Help for Residential Landlords & Tenants

March 19, 2020
Claire-Elaine Arthurs


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The government announced on the 18 March 2020 a radical package of measures to protect renters and landlords affected by coronavirus. The aim is to ensure that no renter in either social or private residential accommodation will be forced out of their home during this difficult time.

Emergency legislation is being taken forward as an urgent priority, so that landlords will not be able to start proceedings to evict tenants for at least a three-month period. The aim of these measures is to ensure that no renters in private or social accommodation needs to be concerned about the threat of eviction. The scope of the provisions is not yet clear. This may only cover those in financial difficulties and rent arrears, leaving options open to still deal with problem tenants. We will know more as the draft legislation is published.

The government has also recognised the additional pressures the virus may put on landlords and have confirmed that the three month mortgage payment holiday announced earlier this week will be extended to landlords whose tenants are experiencing financial difficulties due to coronavirus. Again, it is not yet clear what the mechanism will be for claiming this relief.

This aim is to alleviate the pressure on landlords, who will be concerned about meeting mortgage payments themselves. So it is expected that no unnecessary pressure should be put on tenants as a result.

At the end of this period, it is expected that landlords and tenants will work together to establish an affordable repayment plan, taking into account tenants’ individual circumstances. These arrangements will need to be properly documented to ensure adherence and no knock-on impact longer-term on the rights under the Lease.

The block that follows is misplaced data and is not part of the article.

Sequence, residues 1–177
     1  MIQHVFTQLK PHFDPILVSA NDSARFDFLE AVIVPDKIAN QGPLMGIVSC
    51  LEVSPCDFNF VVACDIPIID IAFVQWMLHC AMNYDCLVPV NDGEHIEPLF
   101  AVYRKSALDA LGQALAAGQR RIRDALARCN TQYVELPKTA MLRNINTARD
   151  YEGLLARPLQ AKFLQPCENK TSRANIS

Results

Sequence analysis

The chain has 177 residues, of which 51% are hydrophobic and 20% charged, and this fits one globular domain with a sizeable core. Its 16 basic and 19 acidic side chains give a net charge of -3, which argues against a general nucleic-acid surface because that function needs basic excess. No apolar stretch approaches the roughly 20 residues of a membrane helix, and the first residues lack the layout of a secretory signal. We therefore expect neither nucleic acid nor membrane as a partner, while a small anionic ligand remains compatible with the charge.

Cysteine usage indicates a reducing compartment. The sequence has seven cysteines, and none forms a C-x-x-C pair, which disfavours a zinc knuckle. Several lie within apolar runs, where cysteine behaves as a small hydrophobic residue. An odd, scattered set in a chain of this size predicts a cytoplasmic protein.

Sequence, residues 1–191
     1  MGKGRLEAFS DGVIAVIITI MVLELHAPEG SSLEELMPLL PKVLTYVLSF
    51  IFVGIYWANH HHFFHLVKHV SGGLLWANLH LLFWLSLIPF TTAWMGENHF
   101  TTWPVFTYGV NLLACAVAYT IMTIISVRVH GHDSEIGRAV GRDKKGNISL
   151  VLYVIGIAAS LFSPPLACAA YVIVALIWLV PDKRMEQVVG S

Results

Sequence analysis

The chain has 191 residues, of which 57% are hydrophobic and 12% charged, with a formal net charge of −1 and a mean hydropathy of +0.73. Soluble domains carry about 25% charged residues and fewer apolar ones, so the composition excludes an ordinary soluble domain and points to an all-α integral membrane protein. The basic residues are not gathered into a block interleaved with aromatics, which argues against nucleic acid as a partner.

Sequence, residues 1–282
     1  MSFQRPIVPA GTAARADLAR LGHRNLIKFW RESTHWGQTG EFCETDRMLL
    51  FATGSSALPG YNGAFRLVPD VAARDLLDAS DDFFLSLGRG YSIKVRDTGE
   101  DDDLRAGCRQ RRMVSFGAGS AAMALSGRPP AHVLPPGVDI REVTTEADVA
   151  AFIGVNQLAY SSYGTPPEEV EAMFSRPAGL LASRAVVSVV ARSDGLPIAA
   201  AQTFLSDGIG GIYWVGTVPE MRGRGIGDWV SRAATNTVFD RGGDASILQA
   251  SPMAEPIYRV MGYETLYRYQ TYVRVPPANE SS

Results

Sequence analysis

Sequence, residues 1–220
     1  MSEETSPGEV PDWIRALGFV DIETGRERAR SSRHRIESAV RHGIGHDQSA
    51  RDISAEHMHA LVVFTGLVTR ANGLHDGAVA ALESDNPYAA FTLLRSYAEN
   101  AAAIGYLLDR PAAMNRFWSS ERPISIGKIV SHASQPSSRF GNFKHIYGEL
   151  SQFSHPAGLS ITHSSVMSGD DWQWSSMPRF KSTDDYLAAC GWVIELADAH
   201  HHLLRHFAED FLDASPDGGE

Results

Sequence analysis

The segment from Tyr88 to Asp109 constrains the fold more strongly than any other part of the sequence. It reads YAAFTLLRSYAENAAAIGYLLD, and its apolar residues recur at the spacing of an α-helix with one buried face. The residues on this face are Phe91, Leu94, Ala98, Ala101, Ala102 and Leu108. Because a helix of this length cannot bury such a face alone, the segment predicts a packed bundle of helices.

The ‘pre-action protocol’ on possession proceedings is now being extended to include private renters and to strengthen its remit. This will support the necessary engagement between landlords and tenants to resolve disputes. Critically, it will put an onus on Landlords to reach out to tenants to understand the financial position they are in.

The government are also expected to issue guidance which asks landlords to show compassion and to allow tenants who are affected by this crisis to remain in their homes wherever possible.

New measures are being issued daily and these remain uncertain times. While we wait for clarification of the new measures, Landlords are encourages to reach out to their tenants and open a dialogue to work together through the crisis. It is better to have a proactive and planned approach that safeguards the interest of both parties, rather than allowing tenants to drift into arrears and panic.

If you make any temporary arrangements with tenants, these should be recorded in writing and include the following considerations:

  • Any arrangement should be specified to be ‘agreed without prejudice to the terms of the lease’
  • You need to have what is to be paid and when clearly recorded to avoid future disagreement. There is an expectation for Landlords to be flexible and fair in what is agreed.
  • If there is to be a payment holiday to coincide with a 3 month mortgage holiday for the landlord, then either a repayment plan or provision for one to be put in place upon review at the end of 3 months should be recorded. The expectation is that the rent should still be repaid by the tenant over time.
  • If there is a reduced rent or alteration to the timing of payments, then a time period for which the arrangement will be put in place should be recorded. For example, it may be in place for 3 months and then subject to review.

If you need assistance putting arrangements in place with tenants please contact our Claire-Elaine Arthurs at